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Episode 142 - Who's on First? Origin of Ideas in Science

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Recap: From an ego standpoint, it's nice to get credit if you're the first to do something or figure something out. But from a scientific standpoint, it's also important to remember what has been known so we don't waste resources rediscovering something. And, from a pseudoscientific standpoint, many people like to take credit for imaginary claims about discovering something before scientists. On this episode, I explore all of these.

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Episode Summary

Claim: There really is no “claim” per se in this episode, rather I came up with the idea after seeing the inevitable response by pseudoscientists - and even political commentators, surprisingly - to the recent announcement that data from a NASA spacecraft had shown that there was active liquid water on Mars, albeit very salty and in tiny bits that quickly evaporate away. So what I want to talk about in this brief episode is the difficulty with tracking down who is really the first person or group of people to discover something or even to propose an idea in science.

Calculus

As a simple example, let’s take calculus. Most people who think they know who invented the concepts of calculus probably think that Isaac Newton is that person. He is certainly credited in most cases because he was the first to really use it in something most of us think of as important, which is much of the classical physics which is is rightly credited with inventing.

But, you may have heard that there is a controversy over this, and that Gottfried Leibniz is the person who should truly get the credit with making high school math students’ heads hurt. The controversy over who did it first even has its own Wikipedia entry called the “Leibniz-Newton calculus controversy."

What it boils down to is who published first. Leibniz started to publish some of his work on calculus in 1674 and in 1684 published his first paper where he used some of the basic principles. And, it was used by L’Hôpital in 1696.

But, Isaac Newton, based on papers that were only later published, had begun to work on the concepts of calculus in 1666, 8 years before Leibniz published. And, even though Newton published his Principia Mathematica in 1687 that showed the RESULTS of calculus, he never published how he did it until 1693 in part and 1704 in full, two decades after Leibniz.

My point in this bit of history is to explain that the controversy over who did what first is not limited to modern science, and it’s not something that only skeptics quibble over when they want to take a shot at a pseudoscientist taking credit for an idea, as I’ll discuss in a bit.

Scientists Discovering the Same Thing for the First Time

One of the reasons why understanding this is important for science outreach is that when we keep making incremental discoveries towards an eventual goal, or when we forget what was found before, or when we exaggerate a previous finding and then really find it, it makes us look stupid. Related to the water on Mars, the running joke around many real geophysicists is, “Oh joy, look, we discovered water for the first time on Mars, again!”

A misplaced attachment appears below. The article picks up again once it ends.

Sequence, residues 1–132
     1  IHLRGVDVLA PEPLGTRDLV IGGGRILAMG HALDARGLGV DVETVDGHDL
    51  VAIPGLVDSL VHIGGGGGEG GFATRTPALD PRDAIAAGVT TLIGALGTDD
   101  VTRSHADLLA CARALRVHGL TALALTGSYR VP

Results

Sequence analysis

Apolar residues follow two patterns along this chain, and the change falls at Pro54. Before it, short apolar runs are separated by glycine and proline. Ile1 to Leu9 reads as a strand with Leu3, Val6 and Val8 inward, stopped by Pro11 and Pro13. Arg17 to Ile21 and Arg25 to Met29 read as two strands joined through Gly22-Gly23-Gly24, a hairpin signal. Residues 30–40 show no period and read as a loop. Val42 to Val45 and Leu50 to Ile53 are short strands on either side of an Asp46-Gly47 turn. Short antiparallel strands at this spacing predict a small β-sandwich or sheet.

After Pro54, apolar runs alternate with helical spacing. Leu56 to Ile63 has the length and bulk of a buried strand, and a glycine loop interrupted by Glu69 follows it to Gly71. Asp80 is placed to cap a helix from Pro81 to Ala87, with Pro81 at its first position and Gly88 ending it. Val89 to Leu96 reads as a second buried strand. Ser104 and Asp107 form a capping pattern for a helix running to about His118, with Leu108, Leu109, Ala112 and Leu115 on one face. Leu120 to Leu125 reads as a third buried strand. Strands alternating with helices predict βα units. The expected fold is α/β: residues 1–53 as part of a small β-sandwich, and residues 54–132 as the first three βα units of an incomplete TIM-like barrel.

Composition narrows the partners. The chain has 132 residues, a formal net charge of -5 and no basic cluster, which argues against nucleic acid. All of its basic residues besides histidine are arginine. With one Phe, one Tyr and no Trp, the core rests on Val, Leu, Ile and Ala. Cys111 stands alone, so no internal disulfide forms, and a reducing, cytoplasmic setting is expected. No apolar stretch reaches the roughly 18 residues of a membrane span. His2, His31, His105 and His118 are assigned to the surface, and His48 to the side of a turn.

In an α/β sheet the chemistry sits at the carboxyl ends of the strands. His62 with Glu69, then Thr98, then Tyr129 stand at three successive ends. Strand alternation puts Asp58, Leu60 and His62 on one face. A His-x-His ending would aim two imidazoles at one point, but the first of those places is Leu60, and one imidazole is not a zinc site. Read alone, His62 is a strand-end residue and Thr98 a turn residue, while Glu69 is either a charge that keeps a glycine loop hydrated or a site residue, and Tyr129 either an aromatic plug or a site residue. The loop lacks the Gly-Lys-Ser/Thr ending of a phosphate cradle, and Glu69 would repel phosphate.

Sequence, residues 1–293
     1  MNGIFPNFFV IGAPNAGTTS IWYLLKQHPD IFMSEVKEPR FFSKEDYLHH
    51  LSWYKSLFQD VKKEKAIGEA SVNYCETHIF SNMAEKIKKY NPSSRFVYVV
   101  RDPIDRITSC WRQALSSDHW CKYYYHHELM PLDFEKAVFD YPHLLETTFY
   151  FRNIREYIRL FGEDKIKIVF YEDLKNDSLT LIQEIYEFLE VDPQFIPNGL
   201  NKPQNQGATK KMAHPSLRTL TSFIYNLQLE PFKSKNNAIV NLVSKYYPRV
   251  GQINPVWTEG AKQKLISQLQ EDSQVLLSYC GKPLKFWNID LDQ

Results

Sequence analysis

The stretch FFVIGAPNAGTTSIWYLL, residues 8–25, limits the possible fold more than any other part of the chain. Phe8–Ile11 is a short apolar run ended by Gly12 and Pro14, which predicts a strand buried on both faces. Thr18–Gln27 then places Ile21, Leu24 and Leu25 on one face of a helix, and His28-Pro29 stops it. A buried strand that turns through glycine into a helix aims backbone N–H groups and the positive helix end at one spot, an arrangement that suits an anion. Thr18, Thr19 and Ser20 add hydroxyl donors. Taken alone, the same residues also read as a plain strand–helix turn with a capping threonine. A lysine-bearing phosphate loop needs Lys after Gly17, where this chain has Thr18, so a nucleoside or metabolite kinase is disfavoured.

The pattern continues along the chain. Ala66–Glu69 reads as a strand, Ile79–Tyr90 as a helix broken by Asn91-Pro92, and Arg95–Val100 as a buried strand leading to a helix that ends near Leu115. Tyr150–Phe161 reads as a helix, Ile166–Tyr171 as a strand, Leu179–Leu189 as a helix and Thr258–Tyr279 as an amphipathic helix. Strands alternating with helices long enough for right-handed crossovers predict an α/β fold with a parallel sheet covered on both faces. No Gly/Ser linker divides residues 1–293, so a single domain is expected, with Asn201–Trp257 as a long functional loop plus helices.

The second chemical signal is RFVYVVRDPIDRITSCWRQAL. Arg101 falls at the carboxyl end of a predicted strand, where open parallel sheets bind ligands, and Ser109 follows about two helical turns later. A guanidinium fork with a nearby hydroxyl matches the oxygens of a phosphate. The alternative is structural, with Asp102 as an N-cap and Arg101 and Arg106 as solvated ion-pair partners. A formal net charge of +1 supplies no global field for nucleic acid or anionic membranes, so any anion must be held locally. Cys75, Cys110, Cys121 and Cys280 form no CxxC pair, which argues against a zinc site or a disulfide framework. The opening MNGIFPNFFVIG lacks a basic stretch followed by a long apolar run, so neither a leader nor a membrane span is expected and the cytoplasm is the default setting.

But let’s take a look at a more mundane example, first. In 2013, there was a NASA press release that was titled, “NASA, ESA Telescopes Find Evidence for Asteroid Belt Around Vega.” The first sentence was: “Astronomers have discovered what appears to be a large asteroid belt around the star Vega.” If you read further, it’s all about implications, comparing it with other recent discoveries, and what questions future studies hope to answer.

It all seems as though this is a very new and interesting finding, and as a press release (and from NASA, no less), it was picked up by many news outlets, and I’m not trying to minimize those scientists’ work.

But, turn the clock back 30 years. In June 1984, in the journal Science – one of the preeminent journals in the world – there was a paper published by Paul R. Weissman with the title, “The Vega Particulate Shell: Comets or Asteroids?”

If you read the abstract, it states: “The [IRAS] science team has discovered a shell of particulate material around the star Vega. … The Vega shell is probably a ring of cometary bodies … . … A possible hot inner shell around Vega may be an asteroid-like belt of material a few astronomical units [the distance between Earth and the Sun] from the star.”

We didn’t have the internet back then, but based on a Google News archive, at least one newspaper, the Boston Globe, mentioned it in October 1984.

It is true that these are not exactly the same thing. It’s true that the new data are much better 30 years later. But the basic idea is the same: We knew 30 years ago that Vega had a debris disk around it of at least cometary and maybe asteroidal material as well.

Ergo, the press release title is misleading. And, anyone who does a news search who’s looking for when particular things may have been discovered – or at least probably discovered – in science will be mislead … in this case, by 30 years. So if I were an alleged alien contactee and I claimed in 2010 that aliens told me there was a disk of debris around Vega, I could have easily gotten that from the 1984 paper. But then, when this press release comes out in 2013, I could through my media representatives show that I knew it and was saying it before this work in 2013, therefore my alien contact was real. I’d be wrong, but more on that later.

Water on Mars

So let’s get to the topic du jour, water on Mars. We have known since the first Mariner photos were returned from Mars in the 1960s that it had water-carved-like landforms. We also knew since we had telescopes pointed at Mars that could resolve it that Mars had white polar caps.